A recently-released joint publication from the Sovereign Wealth Fund Institute (SWFI) and Marmore Mena Intelligence examines the growing role of sovereign wealth funds (SWFs) in GCC economics.
Sovereign wealth funds, like the Saudi Arabia Public Investment Fund (PIF), are growing in importance in GCC economies as they press ahead with economic diversification efforts and reduce their reliance on oil.
“With the aim of reducing their dependency on hydrocarbons, diversification efforts of the GCC states have surged. As a part of these efforts, a large portion of their capital reserves collected over the years have been channeled into investments not only in their domestic economies, but also all over the world. These investment operations are carried out through sovereign wealth funds (SWFs), which have become one of the largest in the world with six out of the top twenty SWFs belonging to the GCC region,” the SWFI/Marmore joint study finds.
“Moreover, when we compare the size of these SWFs to the population of the various GCC countries, we find that the per capita fund size are significant on an international scale and the amount invested by the GCC countries can have a significant influence in their economies.”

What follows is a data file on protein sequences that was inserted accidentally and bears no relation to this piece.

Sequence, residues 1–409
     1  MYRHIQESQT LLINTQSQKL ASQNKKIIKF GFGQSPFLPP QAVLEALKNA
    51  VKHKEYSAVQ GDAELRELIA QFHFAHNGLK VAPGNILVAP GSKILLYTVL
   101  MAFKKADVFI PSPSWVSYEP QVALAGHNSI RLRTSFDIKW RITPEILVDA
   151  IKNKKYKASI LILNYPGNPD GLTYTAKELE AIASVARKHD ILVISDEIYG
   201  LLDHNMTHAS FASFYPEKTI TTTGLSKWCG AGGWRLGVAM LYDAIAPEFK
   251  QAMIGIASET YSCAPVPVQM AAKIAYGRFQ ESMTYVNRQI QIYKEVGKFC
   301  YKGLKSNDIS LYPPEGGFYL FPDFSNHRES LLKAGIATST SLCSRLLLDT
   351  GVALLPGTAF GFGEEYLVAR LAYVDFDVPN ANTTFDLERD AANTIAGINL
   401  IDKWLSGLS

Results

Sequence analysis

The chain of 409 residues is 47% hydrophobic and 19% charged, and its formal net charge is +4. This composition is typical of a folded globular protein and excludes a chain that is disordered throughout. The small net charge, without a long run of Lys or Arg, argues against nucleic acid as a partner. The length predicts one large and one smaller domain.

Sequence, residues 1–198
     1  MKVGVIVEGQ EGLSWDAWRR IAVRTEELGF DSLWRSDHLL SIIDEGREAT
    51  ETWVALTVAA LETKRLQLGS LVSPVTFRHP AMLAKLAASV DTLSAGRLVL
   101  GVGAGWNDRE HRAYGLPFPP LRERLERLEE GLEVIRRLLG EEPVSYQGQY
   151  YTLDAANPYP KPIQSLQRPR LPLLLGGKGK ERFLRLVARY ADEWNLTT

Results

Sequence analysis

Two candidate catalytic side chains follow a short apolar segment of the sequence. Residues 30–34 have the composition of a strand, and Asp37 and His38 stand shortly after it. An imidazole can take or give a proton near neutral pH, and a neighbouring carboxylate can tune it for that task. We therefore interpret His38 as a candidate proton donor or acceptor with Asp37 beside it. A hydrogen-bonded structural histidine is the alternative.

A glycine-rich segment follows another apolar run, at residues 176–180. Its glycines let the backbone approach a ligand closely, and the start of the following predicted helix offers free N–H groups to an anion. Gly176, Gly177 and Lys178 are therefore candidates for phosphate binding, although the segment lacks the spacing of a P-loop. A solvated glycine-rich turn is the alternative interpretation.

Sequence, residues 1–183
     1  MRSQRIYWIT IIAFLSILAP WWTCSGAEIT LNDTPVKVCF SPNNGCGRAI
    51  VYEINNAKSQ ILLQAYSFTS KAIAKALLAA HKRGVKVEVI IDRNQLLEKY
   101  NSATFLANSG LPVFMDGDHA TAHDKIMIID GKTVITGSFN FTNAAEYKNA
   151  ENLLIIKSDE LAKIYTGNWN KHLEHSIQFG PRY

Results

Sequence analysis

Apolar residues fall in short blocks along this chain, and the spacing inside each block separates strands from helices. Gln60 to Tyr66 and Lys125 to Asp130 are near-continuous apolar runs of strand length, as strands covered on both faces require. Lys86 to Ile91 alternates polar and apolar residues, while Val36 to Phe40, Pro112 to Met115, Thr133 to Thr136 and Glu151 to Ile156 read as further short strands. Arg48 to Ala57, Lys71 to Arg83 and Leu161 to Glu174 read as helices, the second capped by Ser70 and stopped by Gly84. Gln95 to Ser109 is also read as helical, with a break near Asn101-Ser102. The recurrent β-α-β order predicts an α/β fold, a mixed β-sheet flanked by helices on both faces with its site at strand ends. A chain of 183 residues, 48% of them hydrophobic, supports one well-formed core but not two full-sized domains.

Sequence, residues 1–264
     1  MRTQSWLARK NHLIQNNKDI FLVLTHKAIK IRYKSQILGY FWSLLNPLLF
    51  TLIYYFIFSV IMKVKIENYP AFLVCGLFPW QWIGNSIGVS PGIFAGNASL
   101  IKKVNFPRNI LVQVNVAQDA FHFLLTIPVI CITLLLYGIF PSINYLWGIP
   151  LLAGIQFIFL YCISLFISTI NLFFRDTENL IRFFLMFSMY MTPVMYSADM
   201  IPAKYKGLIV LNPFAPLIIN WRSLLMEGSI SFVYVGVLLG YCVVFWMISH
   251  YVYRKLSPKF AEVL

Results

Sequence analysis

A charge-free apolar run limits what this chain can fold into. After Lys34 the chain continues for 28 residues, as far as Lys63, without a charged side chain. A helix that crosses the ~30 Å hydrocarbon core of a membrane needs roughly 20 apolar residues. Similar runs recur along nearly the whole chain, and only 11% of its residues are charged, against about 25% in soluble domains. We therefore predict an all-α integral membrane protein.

GCC SWF assets under management have seen a compound annual growth rate of 8.3% since 2010, and appear on track to double in size around 2020, the study finds. The assets under management of the GCC Sovereign Wealth Funds grew to nearly $2.3 trillion in 2018.
For Saudi Arabia, that growth rate is one of the leaders of the pack. The Saudi PIF has seen a compound annual growth rate of 19.2% since 2010, the report finds.
The PIF’s current size is estimated in this report as $290 billion. Another organization, the Institute of International Finance (IIF), puts the figure around $300 billion and rising.
The report looks at the PIF’s investment strategy, noting that it is different from some other SWFs with its investment strategy of pursuing higher risk opportunities in technology companies, compared with traditional conservative avenues like real estate, according to the SWFI/Marmore report.